Soundproofing: Lessons from a Custom-Built Sound Studio
The studio’s design had two primary functions, which were somewhat at cross-purposes. First, the studio had to be thoroughly soundproofed (achieving an STC 60 rating) so musical instruments could be played (and recorded) without disturbing neighbors. Secondly, the space had to be pleasant and light-filled during those times when the client was engaged in quieter pursuits.
The studio had fiberglass batt insulation on all six sides, and resilient channels attached to walls and the ceiling, to which drywall would be attached. The sound-control drywall was specially ordered: It was 3/4 in. thick, consisting of three pieces of ¼ in. drywall of varying densities and laminated with an elastomeric adhesive that never completely sets–so the adhesive also acted as a sound-deadening agent. The panels were extremely heavy, each more than 125 lbs., so installing them on the ceiling required both a drywall lift and extra hands to hold panels in place so they could be screwed to the resilient channels.
Typically, drywall ceilings are installed first so the edges of ceiling panels are supported by the tops of wall panels. But here the goal was to isolate the ceiling and allow it to float from the metal resilient channels. So wall panels were attached first; ceiling panels were then installed so that there was a gap between ceiling and walls. That gap would be filled with resilient acoustic sealant-Pro-Series® SC 175. Should the ceiling panels and resilient channels sag, they would still never make contact with wall panels.
Additionally, mass-loaded vinyl was used to achieve an STC 60-rating in some of the most problematic areas: electrical boxes and the windows that made the space so pleasant. Electrical boxes were surface-mounted to avoid creating holes in the envelope, and wrapped with mass-loaded vinyl jackets. But because the acoustical value of a room is only as strong as its weakest link, the windows were the greatest test. High-performing sound windows would have been prohibitively expensive, so the solution called for sliding window covers, rather like sliding barn doors, which would be constructed from mass-loaded vinyl and rigid insulation. When it was time to make music, the insulated covers would slide over the windows, creating a uniform STC 60 cocoon.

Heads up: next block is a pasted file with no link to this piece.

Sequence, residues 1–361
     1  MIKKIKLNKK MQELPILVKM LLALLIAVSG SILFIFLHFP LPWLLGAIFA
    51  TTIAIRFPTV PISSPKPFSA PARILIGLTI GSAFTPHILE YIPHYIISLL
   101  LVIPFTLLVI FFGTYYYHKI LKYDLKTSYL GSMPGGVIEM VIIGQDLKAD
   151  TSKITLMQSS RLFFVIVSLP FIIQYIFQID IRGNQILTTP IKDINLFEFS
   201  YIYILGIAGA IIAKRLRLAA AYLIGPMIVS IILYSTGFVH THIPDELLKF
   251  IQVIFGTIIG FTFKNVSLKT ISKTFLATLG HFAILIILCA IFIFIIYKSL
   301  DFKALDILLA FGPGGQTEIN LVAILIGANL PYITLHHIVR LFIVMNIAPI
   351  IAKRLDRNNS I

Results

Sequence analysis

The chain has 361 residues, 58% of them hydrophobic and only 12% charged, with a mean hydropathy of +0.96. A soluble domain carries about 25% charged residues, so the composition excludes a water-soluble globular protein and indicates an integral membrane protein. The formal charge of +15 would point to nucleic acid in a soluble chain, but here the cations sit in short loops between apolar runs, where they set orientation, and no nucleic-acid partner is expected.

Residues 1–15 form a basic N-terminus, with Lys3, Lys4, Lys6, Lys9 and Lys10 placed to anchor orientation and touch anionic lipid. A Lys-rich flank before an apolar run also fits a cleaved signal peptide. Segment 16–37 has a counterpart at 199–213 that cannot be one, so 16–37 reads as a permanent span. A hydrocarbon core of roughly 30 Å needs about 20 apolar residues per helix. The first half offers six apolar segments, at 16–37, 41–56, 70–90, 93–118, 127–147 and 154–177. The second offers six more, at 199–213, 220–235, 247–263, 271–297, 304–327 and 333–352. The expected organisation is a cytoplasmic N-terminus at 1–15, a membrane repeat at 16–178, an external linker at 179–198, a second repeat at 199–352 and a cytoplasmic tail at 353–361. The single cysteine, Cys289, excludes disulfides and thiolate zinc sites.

This article on soundproofing was excerpted from Renovation 4th Edition, now available from Taunton Press (November, 2012). Renovation 4 ‘s 624 pages contain 1,000 photos largely taken on job sites, more than 250 illustrations and many lifetimes of field-tested tips and techniques that veteran builders across North America shared with Mike Litchfield, one of Fine Homebuilding’s founding editors. Renovation 4 would make a great gift to any builder who would like to bone up on specialized techniques or to serious owner-renovators whose confidence will be bolstered by having a crew of seasoned builders close at hand.
Thanks to Stephen Marshall of www.thelittlehouseonthetrailer.com who allowed me to photograph his ingenious solutions in a sound studio he created for a musician/composer client in Northern California.
© Michael Litchfield 2012
This sound studio is insulated on all six sides. Special sound-attenuating drywall will be attached to metal resilient channels, rather than screwed directly to framing. Resilient channels allow the drywall panels to float--further absorbing sound. Window openings were the studio's biggest soundproofing challenge. Renovation 4th Edition
Interior surfaces were clad in a special 3/4-in. drywall fabricated from three layers of 1/4-in. drywall of different densities, glued together with an elastomeric adhesive. As the adhesive never quite set, the layers shifted somewhat during handling, which meant that each panel had to be "trued up" before it could installed. Renovation 4th Edition
Unlike a typical drywall job, in which ceiling panels are installed first so they can be partially supported by wall panels, this design called for an isolated ceiling. So wall panels were installed first and ceiling panels were cut 1/4 in. shy of walls-so the ceiling would never touch the walls. The 1/4-in. gap was filled with acoustic sealant. Renovation 4th Edition
The three-ply 3/4-in. drywall panels were so heavy tthey needed both a drywall lift and some supplemental help to hold them flat to the resilient channel so they could be attached. Renovation 4th Edition
Mass-loaded vinyl, which is pliable and weighs about 1 lb. per sq. ft. was used to help sound-deaden some crucial areas, including electrical boxes and sliding window coverings. TIP: Strips of mass-loaded vinyl stapled to stud edges will help deaden sound transmission through studs. Renovation 4th Edition
This blog on soundproofing was excerpted from Renovation 4th Edition, newly available from Taunton Press. R4 's 624 pages contain 1,000 photos taken mostly on job sites, 250+ illustrations and many lifetimes of field-tested remodeling techniques.